Journeys to the Free World. Sámi and Norwegian border pilots during World War II in Nordland County
The Second World War had a great impact on. For Norwegians, the War contributed to create a national identity, based on a shared oppression from a military invasion and resistance. Because of the war, many people fled to Sweden. Most of those refugees needed help from border pilots. In some areas Sámi border pilots was important because they knew the area very well indeed. Some of them were closely related to Sámi families in Sweden This thesis is a study what both Norwegian and Sámi border pilots did, who they were, where they did it and why they did it. It is also about how the public treated Sámi border pilots after the war. It covers the areas from Saltdal in the south to Tysfjord to the north. The thesis is based on interviews, books, articles and articles from local yearbooks in those four areas. In the end, many border pilots helped refugees because they felt it was the right thing to do. It was organised in such a way that a lot of people helped. People helped with food, clothes and shelter. Sometimes refugees came to them asking for help, but most of the times there were people picking up the refugees and then giving the refugees to the border pilots. Turning the refugees away would reduce their chances of fleeing to Sweden and if they did not receive help, they could be caught by German authorities. After the War, the Sámi border pilots were charged with treason, although the case was later dismissed, but because the way they were treated and accused, they became ashamed of what they had done. It was not until 2005, 70 years after the war ended, when the King apologised for the treatment the Sámi border pilots received after the war. It has taken a long time and a lot of effort to try to tell their stories and to fix the injustice that they received.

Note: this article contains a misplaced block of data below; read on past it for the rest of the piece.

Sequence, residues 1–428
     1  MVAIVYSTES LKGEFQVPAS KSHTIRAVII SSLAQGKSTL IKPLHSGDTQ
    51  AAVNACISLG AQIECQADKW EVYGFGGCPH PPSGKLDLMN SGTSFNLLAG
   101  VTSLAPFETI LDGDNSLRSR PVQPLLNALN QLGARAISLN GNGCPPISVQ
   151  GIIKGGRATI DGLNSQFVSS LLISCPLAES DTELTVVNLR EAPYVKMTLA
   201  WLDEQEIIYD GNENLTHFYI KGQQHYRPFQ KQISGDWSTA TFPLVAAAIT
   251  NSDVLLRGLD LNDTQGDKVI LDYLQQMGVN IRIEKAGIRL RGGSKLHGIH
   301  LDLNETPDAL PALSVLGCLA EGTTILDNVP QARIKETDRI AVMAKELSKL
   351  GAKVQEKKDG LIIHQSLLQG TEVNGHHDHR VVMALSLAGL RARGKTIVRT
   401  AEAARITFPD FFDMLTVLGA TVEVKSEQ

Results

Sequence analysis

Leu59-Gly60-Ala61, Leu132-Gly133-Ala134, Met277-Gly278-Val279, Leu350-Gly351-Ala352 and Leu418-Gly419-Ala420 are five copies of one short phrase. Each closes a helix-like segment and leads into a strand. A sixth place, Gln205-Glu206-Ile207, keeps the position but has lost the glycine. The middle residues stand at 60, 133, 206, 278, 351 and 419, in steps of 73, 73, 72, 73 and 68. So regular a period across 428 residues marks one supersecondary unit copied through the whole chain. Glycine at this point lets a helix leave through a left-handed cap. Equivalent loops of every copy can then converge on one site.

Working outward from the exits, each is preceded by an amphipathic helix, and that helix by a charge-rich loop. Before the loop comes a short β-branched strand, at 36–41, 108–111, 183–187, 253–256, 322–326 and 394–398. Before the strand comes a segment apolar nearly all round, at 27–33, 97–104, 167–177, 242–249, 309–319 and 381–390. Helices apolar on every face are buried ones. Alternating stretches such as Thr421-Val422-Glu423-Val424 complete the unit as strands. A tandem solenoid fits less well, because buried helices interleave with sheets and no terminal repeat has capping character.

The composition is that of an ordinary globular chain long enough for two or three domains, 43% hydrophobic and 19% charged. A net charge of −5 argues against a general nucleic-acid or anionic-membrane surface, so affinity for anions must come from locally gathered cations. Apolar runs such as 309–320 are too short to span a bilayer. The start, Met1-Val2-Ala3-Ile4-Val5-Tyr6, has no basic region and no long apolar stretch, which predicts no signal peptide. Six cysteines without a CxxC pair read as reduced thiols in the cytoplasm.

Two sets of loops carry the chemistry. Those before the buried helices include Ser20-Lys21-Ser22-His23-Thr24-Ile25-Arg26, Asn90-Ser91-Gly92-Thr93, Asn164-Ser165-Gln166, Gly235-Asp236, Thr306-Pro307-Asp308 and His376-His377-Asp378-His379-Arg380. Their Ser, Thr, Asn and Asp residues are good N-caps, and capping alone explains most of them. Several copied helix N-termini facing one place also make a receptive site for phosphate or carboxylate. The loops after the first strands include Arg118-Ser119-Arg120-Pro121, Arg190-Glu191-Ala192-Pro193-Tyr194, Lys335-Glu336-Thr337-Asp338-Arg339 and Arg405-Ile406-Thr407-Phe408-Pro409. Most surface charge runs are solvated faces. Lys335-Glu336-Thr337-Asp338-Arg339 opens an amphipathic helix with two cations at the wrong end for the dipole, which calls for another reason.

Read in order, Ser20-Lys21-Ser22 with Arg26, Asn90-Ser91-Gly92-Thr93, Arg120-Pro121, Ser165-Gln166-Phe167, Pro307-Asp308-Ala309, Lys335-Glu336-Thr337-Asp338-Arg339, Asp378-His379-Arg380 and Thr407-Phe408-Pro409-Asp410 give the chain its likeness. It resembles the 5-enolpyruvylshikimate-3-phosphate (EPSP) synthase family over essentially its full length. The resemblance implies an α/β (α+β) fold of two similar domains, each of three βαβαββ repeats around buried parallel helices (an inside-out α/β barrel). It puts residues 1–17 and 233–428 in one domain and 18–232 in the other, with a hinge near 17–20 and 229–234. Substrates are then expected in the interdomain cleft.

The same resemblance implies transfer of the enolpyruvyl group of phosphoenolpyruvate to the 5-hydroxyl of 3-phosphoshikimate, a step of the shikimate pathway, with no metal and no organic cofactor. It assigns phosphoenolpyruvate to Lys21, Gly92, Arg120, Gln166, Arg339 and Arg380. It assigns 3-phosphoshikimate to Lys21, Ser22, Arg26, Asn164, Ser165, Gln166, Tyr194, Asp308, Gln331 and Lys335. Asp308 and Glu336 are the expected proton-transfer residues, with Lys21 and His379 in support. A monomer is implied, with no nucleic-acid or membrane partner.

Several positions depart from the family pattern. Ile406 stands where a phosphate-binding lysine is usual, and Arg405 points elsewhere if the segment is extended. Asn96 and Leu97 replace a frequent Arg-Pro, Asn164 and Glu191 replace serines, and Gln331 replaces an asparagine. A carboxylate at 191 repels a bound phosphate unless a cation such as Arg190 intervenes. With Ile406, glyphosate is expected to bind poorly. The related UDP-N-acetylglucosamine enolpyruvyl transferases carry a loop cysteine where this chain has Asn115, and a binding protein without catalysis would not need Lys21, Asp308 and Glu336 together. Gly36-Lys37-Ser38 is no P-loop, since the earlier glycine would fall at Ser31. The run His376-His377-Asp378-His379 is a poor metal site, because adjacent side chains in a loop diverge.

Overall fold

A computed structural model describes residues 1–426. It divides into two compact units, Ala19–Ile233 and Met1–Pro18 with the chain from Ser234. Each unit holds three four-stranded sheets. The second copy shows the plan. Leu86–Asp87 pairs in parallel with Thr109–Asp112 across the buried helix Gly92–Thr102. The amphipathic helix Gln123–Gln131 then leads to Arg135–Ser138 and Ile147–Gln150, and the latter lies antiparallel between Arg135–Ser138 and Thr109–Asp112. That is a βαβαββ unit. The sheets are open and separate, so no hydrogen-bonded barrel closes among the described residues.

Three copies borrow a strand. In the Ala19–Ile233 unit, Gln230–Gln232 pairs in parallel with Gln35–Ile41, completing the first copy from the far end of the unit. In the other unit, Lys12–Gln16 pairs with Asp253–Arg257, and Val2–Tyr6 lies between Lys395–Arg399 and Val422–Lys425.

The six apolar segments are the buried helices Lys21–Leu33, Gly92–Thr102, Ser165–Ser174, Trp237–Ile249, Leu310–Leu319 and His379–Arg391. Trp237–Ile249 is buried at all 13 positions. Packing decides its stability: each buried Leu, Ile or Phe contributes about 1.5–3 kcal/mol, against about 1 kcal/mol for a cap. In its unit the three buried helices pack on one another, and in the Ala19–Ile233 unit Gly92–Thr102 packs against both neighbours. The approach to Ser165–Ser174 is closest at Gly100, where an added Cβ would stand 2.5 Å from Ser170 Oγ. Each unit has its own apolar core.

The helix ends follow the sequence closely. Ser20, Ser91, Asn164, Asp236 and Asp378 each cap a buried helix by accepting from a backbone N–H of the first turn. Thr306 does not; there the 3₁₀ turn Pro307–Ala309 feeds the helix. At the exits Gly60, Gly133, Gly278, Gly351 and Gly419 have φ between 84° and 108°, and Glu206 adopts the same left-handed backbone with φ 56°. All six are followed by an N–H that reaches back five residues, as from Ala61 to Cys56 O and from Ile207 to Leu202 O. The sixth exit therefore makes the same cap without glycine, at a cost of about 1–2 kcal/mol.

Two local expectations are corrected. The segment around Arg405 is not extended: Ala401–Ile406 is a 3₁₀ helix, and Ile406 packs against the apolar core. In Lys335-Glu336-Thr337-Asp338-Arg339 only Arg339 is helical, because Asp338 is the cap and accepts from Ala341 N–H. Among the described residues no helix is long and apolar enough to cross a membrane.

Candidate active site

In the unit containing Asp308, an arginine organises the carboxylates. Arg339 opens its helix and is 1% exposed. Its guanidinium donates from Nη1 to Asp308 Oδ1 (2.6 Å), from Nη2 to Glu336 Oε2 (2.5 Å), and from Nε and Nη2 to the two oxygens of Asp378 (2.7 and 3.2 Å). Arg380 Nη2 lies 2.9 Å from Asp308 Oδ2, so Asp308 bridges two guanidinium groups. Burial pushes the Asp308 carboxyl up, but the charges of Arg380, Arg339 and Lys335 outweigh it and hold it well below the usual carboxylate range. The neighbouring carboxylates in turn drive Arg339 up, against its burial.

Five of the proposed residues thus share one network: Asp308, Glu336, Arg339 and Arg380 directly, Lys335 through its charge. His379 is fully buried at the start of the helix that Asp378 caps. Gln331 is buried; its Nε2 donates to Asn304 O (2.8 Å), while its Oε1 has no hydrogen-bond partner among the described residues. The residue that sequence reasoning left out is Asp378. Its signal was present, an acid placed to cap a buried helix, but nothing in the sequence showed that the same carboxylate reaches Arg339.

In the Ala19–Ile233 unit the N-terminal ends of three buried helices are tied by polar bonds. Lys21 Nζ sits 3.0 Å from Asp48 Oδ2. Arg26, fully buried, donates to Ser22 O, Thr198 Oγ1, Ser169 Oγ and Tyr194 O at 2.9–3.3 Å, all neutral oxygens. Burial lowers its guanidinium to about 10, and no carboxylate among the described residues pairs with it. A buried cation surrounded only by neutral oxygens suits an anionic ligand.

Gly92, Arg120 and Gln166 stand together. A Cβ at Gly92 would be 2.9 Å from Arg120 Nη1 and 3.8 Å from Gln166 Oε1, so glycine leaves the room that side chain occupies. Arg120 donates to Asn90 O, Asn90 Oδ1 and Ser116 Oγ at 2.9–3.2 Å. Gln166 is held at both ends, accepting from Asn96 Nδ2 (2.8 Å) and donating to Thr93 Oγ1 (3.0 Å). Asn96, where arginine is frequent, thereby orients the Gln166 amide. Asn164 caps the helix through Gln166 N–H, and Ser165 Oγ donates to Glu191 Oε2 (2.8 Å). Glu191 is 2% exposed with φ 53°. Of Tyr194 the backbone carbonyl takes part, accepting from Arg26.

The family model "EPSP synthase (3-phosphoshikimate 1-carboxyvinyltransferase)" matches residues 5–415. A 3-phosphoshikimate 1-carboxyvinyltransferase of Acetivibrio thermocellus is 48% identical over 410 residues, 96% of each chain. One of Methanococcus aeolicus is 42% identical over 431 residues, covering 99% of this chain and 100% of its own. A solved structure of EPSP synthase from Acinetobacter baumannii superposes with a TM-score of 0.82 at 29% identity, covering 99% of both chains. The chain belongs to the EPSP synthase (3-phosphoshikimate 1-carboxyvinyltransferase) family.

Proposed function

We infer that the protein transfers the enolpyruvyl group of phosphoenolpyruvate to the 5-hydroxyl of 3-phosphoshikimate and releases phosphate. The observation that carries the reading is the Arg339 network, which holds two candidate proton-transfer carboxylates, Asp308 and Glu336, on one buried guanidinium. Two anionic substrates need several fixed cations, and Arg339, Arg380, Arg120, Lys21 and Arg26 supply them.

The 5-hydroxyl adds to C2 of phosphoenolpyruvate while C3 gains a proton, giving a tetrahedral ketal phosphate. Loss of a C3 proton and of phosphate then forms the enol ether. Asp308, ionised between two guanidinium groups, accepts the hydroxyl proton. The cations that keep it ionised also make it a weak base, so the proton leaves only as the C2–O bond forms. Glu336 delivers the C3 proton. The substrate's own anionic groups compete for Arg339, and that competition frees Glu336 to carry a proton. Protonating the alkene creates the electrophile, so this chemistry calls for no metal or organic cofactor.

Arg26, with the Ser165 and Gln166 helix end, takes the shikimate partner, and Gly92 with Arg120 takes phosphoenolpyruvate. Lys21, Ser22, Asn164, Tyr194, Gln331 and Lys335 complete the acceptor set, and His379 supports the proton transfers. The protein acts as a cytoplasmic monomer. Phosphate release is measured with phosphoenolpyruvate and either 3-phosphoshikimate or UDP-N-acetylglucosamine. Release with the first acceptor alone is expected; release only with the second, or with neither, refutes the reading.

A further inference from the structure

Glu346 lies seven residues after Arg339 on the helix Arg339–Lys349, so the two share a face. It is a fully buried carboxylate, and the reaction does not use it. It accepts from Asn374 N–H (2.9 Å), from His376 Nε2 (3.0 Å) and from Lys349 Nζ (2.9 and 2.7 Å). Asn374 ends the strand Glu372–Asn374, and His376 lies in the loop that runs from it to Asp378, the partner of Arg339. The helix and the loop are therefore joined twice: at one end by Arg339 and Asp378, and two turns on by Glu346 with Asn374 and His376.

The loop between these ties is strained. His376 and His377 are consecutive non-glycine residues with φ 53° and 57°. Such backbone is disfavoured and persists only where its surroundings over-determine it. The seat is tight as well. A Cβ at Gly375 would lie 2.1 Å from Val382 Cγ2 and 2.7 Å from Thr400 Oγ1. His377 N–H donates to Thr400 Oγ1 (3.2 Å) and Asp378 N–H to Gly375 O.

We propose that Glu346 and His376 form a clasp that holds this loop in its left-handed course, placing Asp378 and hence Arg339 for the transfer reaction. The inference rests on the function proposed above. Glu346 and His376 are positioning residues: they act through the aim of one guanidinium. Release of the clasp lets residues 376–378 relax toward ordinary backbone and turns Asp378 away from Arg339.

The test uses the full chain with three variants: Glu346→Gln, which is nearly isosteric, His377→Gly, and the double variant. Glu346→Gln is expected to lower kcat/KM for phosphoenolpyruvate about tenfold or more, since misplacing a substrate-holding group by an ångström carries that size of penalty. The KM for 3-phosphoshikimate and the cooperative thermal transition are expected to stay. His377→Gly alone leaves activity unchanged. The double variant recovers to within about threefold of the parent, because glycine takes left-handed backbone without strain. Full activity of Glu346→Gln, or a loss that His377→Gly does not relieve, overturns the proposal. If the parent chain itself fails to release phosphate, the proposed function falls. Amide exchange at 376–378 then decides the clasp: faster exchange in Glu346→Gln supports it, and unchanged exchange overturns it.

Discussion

PublisherUiT Norges arktiske universitet
UiT The Arctic University of Norway
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